Here's a novel use for a compost heap: as a temporary nursery for ferns.
"Why?" you ask.
my client needs to have some work done on the retaining wall of the
Bank - it's crumbled away to nothing, which means the slope is now
encroaching upon the path, plus it looks terribly tatty, and worst of
all, it makes it very difficult for me to clamber up the slope to weed
it, as without a "stop" at the bottom, the soil tends to crumble and
tumble down. Which makes me reluctant to attempt to climb up it, which means it doesn't get weeded, thus making it look even worse.
So I have a vested interest, as a tatty weedy section of the garden reflects badly on me: and to be honest with you, I'm not that keen on slithering around on crumbly banks, so I am all in favour of a bit of remedial work.
it's been agreed that the lower level will have to be mended, and that
means getting in some hard landscapers, ie builders.
Knowing what normally happens when builders set foot in a garden (please
imagine me rolling my eyes at this point) I suggested that we (and when
I say "we", you know that I mean "I") dig out
the ferns and hellebores from the crumbling edge, keeping them safe somewhere else in the garden, so that we can replace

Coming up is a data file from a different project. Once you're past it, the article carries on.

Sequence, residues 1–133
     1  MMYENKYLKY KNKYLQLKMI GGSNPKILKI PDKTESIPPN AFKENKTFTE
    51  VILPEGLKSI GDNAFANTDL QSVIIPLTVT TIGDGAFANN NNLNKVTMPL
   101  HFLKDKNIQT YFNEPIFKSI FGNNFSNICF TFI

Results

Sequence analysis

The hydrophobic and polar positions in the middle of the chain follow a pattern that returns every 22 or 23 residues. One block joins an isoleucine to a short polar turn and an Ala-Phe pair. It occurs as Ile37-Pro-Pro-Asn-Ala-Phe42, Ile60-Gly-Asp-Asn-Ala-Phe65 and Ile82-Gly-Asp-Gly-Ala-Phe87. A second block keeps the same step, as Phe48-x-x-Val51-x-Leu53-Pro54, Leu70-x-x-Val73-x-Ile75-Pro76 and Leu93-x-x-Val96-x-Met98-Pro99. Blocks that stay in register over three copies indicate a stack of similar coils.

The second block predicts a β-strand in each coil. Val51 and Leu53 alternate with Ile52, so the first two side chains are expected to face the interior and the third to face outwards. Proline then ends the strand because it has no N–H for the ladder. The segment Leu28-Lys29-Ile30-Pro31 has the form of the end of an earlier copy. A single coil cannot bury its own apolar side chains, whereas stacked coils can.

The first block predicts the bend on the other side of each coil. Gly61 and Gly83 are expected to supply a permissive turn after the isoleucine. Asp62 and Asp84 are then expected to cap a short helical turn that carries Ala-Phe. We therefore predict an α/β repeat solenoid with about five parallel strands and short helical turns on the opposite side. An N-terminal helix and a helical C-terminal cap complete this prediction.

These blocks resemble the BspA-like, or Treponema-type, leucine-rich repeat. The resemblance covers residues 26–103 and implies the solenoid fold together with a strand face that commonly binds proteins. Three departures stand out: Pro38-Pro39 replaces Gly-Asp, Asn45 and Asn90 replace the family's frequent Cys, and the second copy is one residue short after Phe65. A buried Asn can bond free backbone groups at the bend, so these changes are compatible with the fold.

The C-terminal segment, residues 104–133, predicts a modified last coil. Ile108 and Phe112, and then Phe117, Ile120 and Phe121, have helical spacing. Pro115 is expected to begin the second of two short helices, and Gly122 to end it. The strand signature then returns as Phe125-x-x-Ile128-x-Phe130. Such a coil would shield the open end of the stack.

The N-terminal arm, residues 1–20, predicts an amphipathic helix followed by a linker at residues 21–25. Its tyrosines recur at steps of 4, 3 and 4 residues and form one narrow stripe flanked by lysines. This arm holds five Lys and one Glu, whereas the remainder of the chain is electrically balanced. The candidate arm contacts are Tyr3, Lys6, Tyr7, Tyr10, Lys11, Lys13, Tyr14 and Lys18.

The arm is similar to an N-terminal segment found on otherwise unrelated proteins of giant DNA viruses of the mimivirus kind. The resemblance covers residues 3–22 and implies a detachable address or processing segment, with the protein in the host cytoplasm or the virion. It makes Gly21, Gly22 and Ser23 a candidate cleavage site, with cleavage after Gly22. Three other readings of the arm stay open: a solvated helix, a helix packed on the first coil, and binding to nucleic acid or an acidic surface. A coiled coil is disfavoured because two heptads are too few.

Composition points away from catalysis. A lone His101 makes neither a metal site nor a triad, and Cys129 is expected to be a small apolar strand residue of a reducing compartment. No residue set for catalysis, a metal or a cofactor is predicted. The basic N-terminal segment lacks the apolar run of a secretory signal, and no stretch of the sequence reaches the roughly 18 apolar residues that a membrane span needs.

them after the workmen have gone.
With this in mind, I carefully lifted as many of them as I could, and then came the
problem of finding somewhere for them to live over the next few weeks.
All the beds are full...
Aha! I can heel them in to the compost heap!
as daft as it sounds - the compost heap is massive, it's four foot
across, six foot long and at least three feet deep in thick, compacted,
wonderful, compost. It will take me weeks, possibly months to dig it
all out and spread it on the garden - I'm only there one morning a week,
after all - so it will be the perfect home for the plants, until we are
ready to put them back in place.
Here is what they looked like this week, having been there for three weeks:
I shouldn't be surprised, of course: compost is the stuff that we spread on the garden to encourage the plants to grow. I can only imagine that these plants think they have died and gone to plant heaven, with a whole compost heap to feed on!
Typically, there has been no sign of the builder since I lifted these plants, and I somehow doubt that he will come before Christmas now, but it doesn't matter: the plants are fine, and they can stay there until I am ready to move them again.
Best of all, when I replant them, I can spread them a little more evenly along the bank, to get better coverage - I'm actually rather looking forward to it!